This time, we’re diving into Floodland, a world set after a cataclysmic event in which several tribes of your choosing start anew and build a sustainable lifestyle for themselves in order to survive a broken world.
This will be a different kind of review as we get quite a bit into the details of the game but knowing ya boy, it already is. Now, let’s start with the game’s info.
Developed by Vile Monarch and published by Ravenscourt, Floodland seems to be quite a good survival simulator that puts you in charge of a team and ensures their survival as more and more problems arise such as water and food aside from finding materials to construct possible living areas, storage and other facilities to build such as sorting stations, fish pens and water stills aside from kitchens to provide food to your troop of survivors.
You get to pick between four groups of survivors such as the Good Neighbours, Oakhill Survivors, Fire Brigade, and Berkut-3, each with their own pros and cons concerning all aspects of gameplay, from garbage management to food management and shelters, construction, and deconstruction. With this playthrough, I decided to go with the Fire Brigade by instinct.
Next, we dive into the music. It’s dark and somber but has small smatterings of hope you can hear in it, giving you a nice listen-to while working with the survivors be it getting food, gathering herbs or junk, or even scavenging whatever nearby ruin might be, as it might hold some supplies like fish or wood or others that might come in handy in the nearby future or far down on your playthrough, whose upgrades give you more output which means your water supply gets wetter, your fish pile gets fishier and your veggies a lot veggier.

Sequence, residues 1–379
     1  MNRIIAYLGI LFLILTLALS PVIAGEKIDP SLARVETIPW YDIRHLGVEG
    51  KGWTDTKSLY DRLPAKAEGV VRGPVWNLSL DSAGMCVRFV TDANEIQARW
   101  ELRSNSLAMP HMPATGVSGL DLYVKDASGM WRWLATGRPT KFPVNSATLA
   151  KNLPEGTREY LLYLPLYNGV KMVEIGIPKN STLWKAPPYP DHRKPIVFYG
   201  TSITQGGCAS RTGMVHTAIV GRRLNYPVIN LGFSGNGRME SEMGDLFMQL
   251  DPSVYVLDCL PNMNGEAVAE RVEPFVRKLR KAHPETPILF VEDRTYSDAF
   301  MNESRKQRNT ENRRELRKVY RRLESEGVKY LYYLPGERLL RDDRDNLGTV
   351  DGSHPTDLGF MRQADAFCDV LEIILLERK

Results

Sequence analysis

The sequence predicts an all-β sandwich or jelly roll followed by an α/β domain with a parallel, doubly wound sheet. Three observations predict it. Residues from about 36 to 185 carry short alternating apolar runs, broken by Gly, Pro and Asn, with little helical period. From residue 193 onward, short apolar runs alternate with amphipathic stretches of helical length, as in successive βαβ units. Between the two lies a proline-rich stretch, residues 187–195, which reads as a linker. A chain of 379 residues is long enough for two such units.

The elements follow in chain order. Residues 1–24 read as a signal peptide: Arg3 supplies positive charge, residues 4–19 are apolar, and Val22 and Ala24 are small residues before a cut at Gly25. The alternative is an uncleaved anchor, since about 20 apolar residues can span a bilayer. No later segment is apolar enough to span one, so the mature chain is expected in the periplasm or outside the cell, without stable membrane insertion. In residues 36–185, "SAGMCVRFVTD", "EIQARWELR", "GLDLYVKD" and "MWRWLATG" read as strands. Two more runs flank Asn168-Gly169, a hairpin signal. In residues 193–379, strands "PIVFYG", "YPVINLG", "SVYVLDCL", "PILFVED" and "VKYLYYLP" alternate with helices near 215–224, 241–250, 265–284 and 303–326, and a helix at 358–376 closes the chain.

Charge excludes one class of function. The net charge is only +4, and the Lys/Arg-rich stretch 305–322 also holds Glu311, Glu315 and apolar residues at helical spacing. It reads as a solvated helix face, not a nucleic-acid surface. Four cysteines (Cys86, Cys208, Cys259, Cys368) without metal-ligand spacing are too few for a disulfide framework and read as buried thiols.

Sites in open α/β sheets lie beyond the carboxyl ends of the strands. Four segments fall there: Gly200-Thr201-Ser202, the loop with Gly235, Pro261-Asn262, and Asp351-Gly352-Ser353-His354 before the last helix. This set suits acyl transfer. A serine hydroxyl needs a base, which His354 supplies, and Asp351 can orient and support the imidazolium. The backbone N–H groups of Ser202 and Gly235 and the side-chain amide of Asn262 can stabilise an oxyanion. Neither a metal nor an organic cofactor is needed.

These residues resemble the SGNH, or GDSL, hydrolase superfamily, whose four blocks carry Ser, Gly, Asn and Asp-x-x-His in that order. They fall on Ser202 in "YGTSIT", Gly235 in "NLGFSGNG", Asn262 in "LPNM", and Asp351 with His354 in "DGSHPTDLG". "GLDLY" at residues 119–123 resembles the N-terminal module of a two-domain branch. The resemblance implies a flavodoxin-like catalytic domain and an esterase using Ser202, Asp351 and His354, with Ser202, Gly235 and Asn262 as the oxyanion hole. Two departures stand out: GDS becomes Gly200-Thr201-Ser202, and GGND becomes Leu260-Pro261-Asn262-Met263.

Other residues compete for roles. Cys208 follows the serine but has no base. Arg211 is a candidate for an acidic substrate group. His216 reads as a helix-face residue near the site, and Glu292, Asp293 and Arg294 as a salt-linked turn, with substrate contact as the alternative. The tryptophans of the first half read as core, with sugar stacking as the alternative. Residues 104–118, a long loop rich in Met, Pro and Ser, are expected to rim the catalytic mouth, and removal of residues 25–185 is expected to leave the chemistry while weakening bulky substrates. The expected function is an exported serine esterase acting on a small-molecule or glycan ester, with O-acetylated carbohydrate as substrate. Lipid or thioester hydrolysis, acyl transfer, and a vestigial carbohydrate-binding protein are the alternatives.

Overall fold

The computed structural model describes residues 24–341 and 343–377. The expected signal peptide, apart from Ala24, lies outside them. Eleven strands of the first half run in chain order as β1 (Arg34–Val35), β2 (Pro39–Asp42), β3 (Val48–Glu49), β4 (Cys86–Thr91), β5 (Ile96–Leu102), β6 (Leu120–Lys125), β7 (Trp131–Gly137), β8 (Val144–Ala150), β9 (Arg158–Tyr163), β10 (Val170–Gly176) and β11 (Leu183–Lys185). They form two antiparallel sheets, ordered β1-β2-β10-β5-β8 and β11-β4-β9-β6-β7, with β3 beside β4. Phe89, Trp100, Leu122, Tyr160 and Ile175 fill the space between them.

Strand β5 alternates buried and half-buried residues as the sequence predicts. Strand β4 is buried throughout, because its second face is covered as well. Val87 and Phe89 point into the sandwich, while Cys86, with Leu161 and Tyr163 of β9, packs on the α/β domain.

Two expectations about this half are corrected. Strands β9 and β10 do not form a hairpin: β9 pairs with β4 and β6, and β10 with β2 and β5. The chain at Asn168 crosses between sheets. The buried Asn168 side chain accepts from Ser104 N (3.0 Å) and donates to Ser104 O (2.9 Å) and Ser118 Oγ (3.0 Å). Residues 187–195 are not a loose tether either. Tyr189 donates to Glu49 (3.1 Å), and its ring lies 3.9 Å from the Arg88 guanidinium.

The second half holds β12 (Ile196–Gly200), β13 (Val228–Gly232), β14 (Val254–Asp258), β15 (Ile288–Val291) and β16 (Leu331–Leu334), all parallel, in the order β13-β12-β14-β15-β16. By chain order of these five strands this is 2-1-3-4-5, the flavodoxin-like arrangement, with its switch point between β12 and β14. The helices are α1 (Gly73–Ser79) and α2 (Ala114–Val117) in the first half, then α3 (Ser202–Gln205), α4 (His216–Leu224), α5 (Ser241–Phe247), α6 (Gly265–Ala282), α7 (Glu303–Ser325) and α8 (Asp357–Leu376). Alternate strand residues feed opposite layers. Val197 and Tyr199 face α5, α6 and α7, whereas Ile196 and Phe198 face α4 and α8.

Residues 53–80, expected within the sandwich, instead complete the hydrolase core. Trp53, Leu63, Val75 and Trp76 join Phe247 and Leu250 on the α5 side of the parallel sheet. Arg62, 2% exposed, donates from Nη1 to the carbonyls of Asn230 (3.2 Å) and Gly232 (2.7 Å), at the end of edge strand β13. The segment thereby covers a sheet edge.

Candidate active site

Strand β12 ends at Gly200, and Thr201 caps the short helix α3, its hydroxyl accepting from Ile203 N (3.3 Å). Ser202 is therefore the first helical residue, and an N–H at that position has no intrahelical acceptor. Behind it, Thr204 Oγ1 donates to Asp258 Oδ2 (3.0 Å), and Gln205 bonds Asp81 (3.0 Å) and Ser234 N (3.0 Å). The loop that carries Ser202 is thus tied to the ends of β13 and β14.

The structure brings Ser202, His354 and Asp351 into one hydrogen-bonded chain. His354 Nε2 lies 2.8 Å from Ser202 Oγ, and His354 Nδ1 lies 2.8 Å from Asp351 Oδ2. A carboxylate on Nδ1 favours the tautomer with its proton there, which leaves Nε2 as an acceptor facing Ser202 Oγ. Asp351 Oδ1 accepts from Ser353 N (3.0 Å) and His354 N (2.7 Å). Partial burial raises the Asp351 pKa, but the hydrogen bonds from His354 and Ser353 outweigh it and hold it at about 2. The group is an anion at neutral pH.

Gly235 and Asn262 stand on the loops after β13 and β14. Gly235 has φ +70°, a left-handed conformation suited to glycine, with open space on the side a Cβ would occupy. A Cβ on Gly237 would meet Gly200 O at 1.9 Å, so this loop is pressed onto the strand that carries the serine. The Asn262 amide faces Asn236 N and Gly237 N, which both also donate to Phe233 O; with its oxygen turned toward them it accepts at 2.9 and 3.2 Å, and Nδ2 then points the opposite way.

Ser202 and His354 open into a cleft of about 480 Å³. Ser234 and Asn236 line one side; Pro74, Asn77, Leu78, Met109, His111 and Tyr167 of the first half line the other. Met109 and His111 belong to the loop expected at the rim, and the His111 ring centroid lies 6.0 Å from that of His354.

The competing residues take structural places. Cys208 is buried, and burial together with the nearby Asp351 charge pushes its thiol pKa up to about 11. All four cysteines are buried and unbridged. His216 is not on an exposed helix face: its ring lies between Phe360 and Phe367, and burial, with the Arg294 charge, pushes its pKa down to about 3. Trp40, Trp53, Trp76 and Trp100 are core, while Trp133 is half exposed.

When starting out and learning new tech to survive, the points system might be starting out really slow, but as you build the necessary structure needed to turn found books into said points, it’s just a matter of waiting for one or more to come by while managing the rest of your settlement as you find more people, get more structures. keep getting better, and growing, stretching into various districts, having their own specialties and delegated purposes.
The demo gave me a run that lasted around an hour or so, but it was a meaningful time that gave me enough to work with but had some left out there to keep things interesting and might just be enough to get me to purchase it, give it the same treatment I give Wild Guns or Ninja Warriors and play it well every other time I get to it whenever I do get to it.
Overall, Floodland is an interesting challenge that seems to be shaping up into something quite great. The challenge of building a city from whatever scrap you could collect, foraging for food and clean water, addressing problems as they arise, and keeping your followers content, happy, and most of all busy as you strive to rebuild civilization from rock bottom might be a really fulfilling and fun time sink for you, dear reader, then this game is a worthy addition for your Steam library.
Floodland releases on PC (via Steam) on November 15th, 2022.